New Study Explores Additional Youth Sports Dangers

New Study Explores Additional Youth Sports Dangers

December 6, 2018 | Personal Injury

The cumulative effects of small impacts may result in decreased brain development in children between 9 and 18, causing lifelong effects.

Researchers at Dallas’ UT Southwestern Medical Center examined dozens of youth football players who had no history of head injuries. Gowtham Krishnan Murugesan and his team found that small, repetitive blows to the head, like the ones that occur on practically every snap in every practice and game, interfere with the natural pruning process. “Pruning is an essential part of brain development” since it trims away unneeded parts of the brain to keep the organ healthy, he explained. “Disruption in normal pruning has been shown to be related to weaker connections between different parts of the brain,” he added. Specifically, the repetitive impacts eroded grey matter. This is the area of the brain that controls most logical and social functions.

Researchers pointed out that the findings were preliminary and they applied to all contact and non-contact youth sports.

 

What Causes Head Injuries?

Each year, over 2.8 million Americans seek treatment in hospital emergency rooms following sudden trauma brain injuries. This number does not include the many New Yorkers who suffer from gradual-onset brain injuries, like the ones described in the above stories.

A brain injury is not just a knock on the head. These wounds contribute to around a third of the injury-related deaths in the United States.

Car crashes cause most of these brain injuries. That’s largely because vehicle collisions combine all three kinds of brain injury causes, which are:

  • Impact: Airbags protect many occupants from head injuries. But airbags do not offer much protection for back seat passengers. This safety system also does not prevent cell phones and other items from becoming high-speed missiles in car wrecks.
  • Motion: It’s possible to scramble the brain without breaking the skull, just like it’s possible to scramble an egg without cracking the shell. Whiplash is one of the most common car crash conditions. It’s also difficult to diagnose and treat.
  • Noise: Many eyewitnesses and victims say the sound of a car crash is like an explosion. Loud noises like these trigger shock waves which disrupt brain functions. So, even if the victim is otherwise uninjured, the victim may still have a serious head injury.

Falls are the leading cause of impact-related brain injuries. These individuals have no airbags or seat belts for protection. They also do not have crash helmets or any other type of protection.

Assaults cause quite a few head injuries as well. Many assaults involve multiple impacts to the head and neck. Since they are intentional torts, these claims work differently from most negligence cases. However, substantial compensation is still available.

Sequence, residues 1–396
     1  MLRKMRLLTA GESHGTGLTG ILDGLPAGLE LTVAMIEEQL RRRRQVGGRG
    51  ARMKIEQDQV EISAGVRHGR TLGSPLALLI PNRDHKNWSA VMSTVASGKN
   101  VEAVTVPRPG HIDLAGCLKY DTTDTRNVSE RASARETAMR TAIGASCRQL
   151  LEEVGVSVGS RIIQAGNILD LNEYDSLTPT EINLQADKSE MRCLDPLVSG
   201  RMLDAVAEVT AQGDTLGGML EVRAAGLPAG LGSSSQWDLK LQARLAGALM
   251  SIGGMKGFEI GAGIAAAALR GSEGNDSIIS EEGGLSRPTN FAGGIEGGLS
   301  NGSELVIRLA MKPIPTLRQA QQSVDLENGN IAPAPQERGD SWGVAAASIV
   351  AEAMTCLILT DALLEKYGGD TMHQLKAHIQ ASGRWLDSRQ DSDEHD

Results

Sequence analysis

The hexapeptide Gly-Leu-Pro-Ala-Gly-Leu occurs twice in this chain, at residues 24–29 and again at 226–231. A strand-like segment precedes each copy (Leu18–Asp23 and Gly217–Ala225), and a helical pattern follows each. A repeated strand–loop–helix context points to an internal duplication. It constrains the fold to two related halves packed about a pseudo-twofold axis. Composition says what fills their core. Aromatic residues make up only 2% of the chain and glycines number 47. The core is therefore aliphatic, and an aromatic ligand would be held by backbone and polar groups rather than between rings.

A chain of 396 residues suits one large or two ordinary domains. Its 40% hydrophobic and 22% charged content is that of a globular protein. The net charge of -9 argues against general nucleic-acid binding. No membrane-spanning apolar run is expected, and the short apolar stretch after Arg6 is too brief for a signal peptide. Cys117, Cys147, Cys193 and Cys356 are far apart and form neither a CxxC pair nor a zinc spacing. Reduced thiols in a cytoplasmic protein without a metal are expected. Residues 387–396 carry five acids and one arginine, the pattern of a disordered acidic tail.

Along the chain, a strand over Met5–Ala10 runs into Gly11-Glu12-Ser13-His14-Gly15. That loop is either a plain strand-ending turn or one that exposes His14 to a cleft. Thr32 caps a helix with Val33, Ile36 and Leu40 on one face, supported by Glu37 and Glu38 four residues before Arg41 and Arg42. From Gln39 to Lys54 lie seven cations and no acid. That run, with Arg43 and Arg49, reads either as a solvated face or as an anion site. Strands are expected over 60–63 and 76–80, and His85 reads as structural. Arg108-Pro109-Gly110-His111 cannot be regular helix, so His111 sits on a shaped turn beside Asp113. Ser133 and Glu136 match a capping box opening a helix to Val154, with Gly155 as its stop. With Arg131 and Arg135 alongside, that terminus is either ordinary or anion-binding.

Finally, sports-related brain injuries are on the rise. Scientists now appreciate he dangers of concussions as well as smaller hits.

 

Insurance Company Defenses in Head Injury Cases

In vehicle collisions, insurance company lawyers often try to use the contributory negligence defense. This doctrine basically shifts blame for the crash from the tortfeasor (negligent driver) to the victim. For example, one driver might have been speeding at the time the other driver changed lanes illegally.

New York is a pure comparative fault state. Even if the victim is 99 percent responsible for the crash, the victim is still entitled to a proportional share of damages.

In falls, sports injuries, and other premises liability matters, insurance company attorneys often raise the assumption of the risk defense. This legal loophole excuses otherwise negligent conduct if the victim:

  • Voluntarily Assumes: Many times, the victim must sign a liability waiver as a condition of participation in a certain activity. These waivers are usually not “voluntary.” Instead, they may be characterized as take-it-or-leave-it contracts of adhesion. Furthermore, if the victim paid money to participate in the activity, the waiver may be void as a matter of law.
  • A Known Risk: In something like a youth football league, a knee injury is a known risk. A gradual-onset head injury is definitely not a known risk. That’s especially true if the organization dragged its feet in terms of participant safety. Many times, that’s the case.

With regard to most insurance company defenses, the judge makes an initial determination as to the defense’s possible application. Then, the jury decides if the facts call for the defense.

Damages in head injury cases usually include compensation for economic losses, such as medical bills, and noneconomic losses, such as pain and suffering. Since brain injuries are permanent and difficult to treat, these damages are often substantial.

Anyone at any time can sustain a serious brain injury. For a free consultation with an experienced personal injury attorney in New York, contact Napoli Shkolnik PLLC. We handle brain injury cases on a nationwide basis.

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